Englishman Davy Jones was a former jockey who had achieved some initial success on the musical stage, appearing with the cast of Oliver on The Ed Sullivan Show the night of the Beatles’ live American debut. He was appearing in Columbia Pictures productions and recording for the Colpix record label and had been identified in advance as a potential star for the series.
Texan Michael Nesmith’s mother Bette Nesmith Graham had invented a correction fluid and founded the company that became Liquid Paper. He had served a brief stint in the U.S. Air Force and had also recorded for Colpix under the name “Michael Blessing.” He was the only one of The Monkees who had come for the audition based on seeing the trade magazine ad. He showed up to the audition with his laundry and impressed Rafelson and Schneider with his laid-back style and droll sense of humor. He also wore a woollen hat to keep his hair out of his eyes when he rode his motorcycle, leading to early promotional materials which nicknamed him “Wool Hat.” The hat remained part of Nesmith’s wardrobe, but the name was dropped after the pilot.
Peter Tork was recommended to Rafelson and Schneider by friend Stephen Stills at his audition. Tork was a skilled multi-instrumentalist who had performed at various Greenwich Village folk clubs before moving west, where he worked as a busboy.
Rafelson and Schneider wanted the style of the series to reflect avant garde film techniques — such as improvisation, quick cuts, jump cuts, breaking the fourth wall and free-flowing, loose narratives — then being pioneered by European film directors. Each episode would contain at least one musical “romp” which might have nothing to do with the storyline. In retrospect, these vignettes now look very much like music videos: short, self-contained films of songs whose style echoed the Beatles’ recent ventures into promotional films for their singles. Rafelson and Schneider also believed strongly in the program’s ability to appeal to young people, intentionally framing the kids as heroes and the adults as heavies.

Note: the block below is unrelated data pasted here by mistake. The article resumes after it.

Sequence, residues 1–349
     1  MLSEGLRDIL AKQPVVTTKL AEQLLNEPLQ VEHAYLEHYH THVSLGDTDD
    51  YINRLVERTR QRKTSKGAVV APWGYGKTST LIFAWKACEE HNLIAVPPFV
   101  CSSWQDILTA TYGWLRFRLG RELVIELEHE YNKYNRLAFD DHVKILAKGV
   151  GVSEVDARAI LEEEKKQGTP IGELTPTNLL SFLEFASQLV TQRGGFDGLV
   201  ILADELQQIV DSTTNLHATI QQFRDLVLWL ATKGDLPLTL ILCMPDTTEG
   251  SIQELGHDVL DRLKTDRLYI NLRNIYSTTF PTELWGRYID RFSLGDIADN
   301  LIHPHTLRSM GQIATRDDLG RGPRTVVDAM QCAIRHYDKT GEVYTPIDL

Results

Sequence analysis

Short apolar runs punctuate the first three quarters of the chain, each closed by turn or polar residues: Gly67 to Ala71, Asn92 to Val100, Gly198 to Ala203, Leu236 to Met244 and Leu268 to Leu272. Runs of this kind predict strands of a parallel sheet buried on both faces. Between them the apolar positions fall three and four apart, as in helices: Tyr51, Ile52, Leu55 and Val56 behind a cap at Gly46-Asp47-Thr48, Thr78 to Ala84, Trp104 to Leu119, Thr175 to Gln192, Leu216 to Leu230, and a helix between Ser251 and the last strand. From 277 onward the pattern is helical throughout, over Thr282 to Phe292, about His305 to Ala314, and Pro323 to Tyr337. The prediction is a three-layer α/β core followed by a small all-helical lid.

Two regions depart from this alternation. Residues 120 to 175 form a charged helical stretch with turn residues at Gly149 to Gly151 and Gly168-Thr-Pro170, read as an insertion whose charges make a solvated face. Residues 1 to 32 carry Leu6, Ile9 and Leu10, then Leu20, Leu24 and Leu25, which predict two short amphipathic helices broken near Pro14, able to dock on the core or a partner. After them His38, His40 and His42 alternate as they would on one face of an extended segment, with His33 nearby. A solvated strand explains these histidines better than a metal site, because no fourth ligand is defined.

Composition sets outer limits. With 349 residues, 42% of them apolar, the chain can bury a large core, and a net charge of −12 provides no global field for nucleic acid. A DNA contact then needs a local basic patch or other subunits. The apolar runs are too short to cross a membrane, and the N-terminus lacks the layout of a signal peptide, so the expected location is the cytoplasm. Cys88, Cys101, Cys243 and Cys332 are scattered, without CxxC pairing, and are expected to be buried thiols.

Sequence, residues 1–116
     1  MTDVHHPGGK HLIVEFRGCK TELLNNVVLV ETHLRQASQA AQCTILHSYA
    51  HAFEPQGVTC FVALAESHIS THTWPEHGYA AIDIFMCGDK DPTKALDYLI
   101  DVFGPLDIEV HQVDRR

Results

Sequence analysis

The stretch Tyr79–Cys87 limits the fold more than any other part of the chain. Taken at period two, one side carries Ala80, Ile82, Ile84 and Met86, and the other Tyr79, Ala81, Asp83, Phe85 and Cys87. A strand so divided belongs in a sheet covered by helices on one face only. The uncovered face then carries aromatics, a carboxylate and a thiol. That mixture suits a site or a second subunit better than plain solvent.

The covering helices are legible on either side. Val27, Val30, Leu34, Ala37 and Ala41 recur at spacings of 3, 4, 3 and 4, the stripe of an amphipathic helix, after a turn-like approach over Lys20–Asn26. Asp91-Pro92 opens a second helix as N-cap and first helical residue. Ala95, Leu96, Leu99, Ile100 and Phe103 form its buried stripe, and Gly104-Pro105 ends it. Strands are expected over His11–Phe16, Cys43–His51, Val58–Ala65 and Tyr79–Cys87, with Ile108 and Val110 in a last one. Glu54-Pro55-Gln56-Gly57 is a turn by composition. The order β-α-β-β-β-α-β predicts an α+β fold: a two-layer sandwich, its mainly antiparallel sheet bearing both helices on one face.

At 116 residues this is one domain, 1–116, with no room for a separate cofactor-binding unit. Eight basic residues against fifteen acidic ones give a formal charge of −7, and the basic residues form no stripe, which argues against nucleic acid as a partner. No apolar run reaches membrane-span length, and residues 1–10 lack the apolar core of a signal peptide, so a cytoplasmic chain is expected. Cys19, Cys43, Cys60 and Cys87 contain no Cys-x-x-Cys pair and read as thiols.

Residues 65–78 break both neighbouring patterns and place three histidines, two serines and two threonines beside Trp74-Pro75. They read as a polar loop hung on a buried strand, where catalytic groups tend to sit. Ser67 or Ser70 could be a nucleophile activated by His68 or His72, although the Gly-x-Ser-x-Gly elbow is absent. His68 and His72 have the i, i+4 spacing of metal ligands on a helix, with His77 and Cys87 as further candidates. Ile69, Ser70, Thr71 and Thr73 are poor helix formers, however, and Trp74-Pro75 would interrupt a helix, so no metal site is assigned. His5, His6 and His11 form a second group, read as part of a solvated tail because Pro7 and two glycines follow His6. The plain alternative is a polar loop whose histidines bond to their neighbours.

Rafelson and Schneider hired novice director James Frawley to teach the four actors improvisational comedy. Each of the four was given a different personality to portray: Dolenz the funny one, Nesmith the smart and serious one, Tork the naive one, and Jones the cute one. Their characters were loosely based on their real selves, with the exception of Tork, who was actually a quiet intellectual. The character types also had much in common with the respective personalities of the Beatles, with Dolenz representing the madcap attitude of John Lennon, Nesmith affecting the deadpan seriousness of George Harrison, Tork depicting the odd-man-out quality of Ringo Starr, and Jones conveying the pin-up appeal of Paul McCartney.